Loyola University Maryland

Emerging Scholars

Katarina Ament, Beth A. Kotchick, Ph.D., Alison A. Papadakis, Ph.D.

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Parental Warmth, Behavioral Control, and Psychological Control as Predictors of Physical and Relational Aggression in Middle School Children

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Aggression is becoming a serious problem in the United States. From the 1950s to the 2000s, rates of aggression among children and adolescents have increased in both frequency and severity (Connor, 2002). Estimated rates of aggressive behaviors in children under the age of 6 range from 7 to 26 percent (Caspi, Moffitt, Newman, & Silva, 1996). Aggressive behavior is associated with a number of negative consequences. Studies indicate that aggressive children are less likely to maintain high grades in school and are at increased risk for various psychopathologies, juvenile delinquency, and adult criminology (Bierman et al., 2002; Broidy et al., 2003; Caspi et al., 1996).

Research indicates that positive parenting styles may protect against the development of aggressive behaviors in children and subsequent negative outcomes. For example, parents who are cold, rejecting, and physically punitive are more likely to have aggressive children than parents who are warm, supportive, and authoritative. In addition, parents who establish a warm, nurturing environment are more likely to have psychologically well-adjusted children (Maccoby & Martin, 1983; Pepler & Rubin, 1991). Warm, non-coercive parenting styles may serve as a protective factor, decreasing the likelihood of aggressive behaviors in at risk children, such as those from with low income families (Benzies, Keown, & Magill-Evans, 2009; Mosley & Thompson, 1995).

Studies have found that parental warmth, behavioral control, and psychological control are related to physical aggression in children (e.g., Benzies et al., 2009; Casas et al., 2006; Nelson, Hart, Yang, Olsen, & Jin, 2006; Rubin, Burgess, Dwyer, & Hastings, 2003). However, the relation between these parental factors and relational aggression is unclear. Furthermore, few studies have examined the unique contribution of maternal and paternal parenting styles as they relate to physical and relational aggression. The proposed study will examine the unique contribution of maternal and paternal warmth, behavioral control, and psychological control as they relate to both physical and relational aggression, and child gender will also be examined as a potential moderator of these relations.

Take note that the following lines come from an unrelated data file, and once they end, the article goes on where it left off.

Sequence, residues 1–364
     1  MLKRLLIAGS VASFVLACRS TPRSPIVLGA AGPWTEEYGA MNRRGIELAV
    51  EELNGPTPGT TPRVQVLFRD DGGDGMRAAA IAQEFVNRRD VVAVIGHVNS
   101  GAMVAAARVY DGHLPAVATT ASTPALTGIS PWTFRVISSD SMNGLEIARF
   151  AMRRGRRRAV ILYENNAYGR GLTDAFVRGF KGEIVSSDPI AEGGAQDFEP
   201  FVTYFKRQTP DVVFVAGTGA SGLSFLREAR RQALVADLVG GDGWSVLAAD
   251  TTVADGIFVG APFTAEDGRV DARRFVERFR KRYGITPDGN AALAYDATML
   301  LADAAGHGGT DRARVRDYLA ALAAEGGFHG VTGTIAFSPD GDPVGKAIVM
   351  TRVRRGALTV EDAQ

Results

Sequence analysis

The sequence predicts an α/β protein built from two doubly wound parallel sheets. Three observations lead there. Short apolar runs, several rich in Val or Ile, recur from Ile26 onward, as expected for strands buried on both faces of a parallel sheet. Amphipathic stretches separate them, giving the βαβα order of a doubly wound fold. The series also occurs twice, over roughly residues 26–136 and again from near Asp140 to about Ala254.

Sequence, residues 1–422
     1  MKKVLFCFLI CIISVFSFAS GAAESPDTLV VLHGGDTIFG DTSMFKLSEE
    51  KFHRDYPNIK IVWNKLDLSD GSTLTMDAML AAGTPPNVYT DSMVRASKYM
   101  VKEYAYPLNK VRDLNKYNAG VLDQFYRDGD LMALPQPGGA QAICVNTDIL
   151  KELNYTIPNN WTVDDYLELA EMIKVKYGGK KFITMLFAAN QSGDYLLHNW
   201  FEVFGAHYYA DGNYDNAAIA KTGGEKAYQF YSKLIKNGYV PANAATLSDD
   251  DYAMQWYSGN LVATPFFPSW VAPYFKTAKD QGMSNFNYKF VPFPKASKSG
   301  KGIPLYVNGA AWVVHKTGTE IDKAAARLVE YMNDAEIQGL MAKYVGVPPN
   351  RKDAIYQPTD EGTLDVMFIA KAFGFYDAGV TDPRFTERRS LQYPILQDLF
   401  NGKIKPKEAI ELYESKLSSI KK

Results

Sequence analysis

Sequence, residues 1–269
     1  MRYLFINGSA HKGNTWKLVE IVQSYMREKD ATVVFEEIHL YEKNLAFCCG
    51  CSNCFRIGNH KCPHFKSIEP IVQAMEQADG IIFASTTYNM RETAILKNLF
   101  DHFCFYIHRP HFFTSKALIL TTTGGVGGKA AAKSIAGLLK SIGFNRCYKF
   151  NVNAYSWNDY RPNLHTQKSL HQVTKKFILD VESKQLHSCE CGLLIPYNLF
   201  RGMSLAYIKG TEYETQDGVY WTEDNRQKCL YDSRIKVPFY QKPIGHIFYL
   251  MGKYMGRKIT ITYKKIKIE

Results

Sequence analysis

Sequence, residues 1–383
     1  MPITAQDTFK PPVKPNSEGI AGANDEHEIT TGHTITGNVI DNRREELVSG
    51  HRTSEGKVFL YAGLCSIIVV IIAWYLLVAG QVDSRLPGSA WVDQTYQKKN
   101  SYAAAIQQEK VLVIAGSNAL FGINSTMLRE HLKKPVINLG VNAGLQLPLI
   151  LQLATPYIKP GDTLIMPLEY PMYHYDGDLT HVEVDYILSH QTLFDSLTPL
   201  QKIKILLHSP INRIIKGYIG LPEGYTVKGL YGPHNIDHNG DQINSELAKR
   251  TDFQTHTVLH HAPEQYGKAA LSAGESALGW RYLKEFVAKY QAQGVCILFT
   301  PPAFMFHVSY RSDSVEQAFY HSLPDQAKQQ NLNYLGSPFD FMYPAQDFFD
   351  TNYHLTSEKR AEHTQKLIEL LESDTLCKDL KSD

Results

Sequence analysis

In addition, the majority of research on physical and relational aggression utilizes very young population samples or students from public schools (e.g., Benzies et al., 2009; Casas et al., 2006; Kuppens, Gietens, Onghena, & Michiels, 2009). The proposed study will examine the association between parenting and aggression in a sample of middle school students from private Catholic schools in Baltimore, Maryland. The incorporation of religion into the learning environment may differentially influence children’s positive or negative views regarding aggressive behavior, as well as their likelihood of aggressing toward others.    

Finally, the majority of studies on physical and relational aggression utilize observational methods or parent reports (e.g., Booth, Rose-Krasnor, McKinnon, & Rubin, 1994; Rubin et al., 2003; Underwood, Beron, Gentsch, Galperin, & Risser, 2008). Few studies have examined the relation between the child’s perception of parenting behaviors and physical and relational aggression. The proposed study will examine children’s perception of parental warmth, behavioral control, and psychological control as they relate to physical and relational aggression.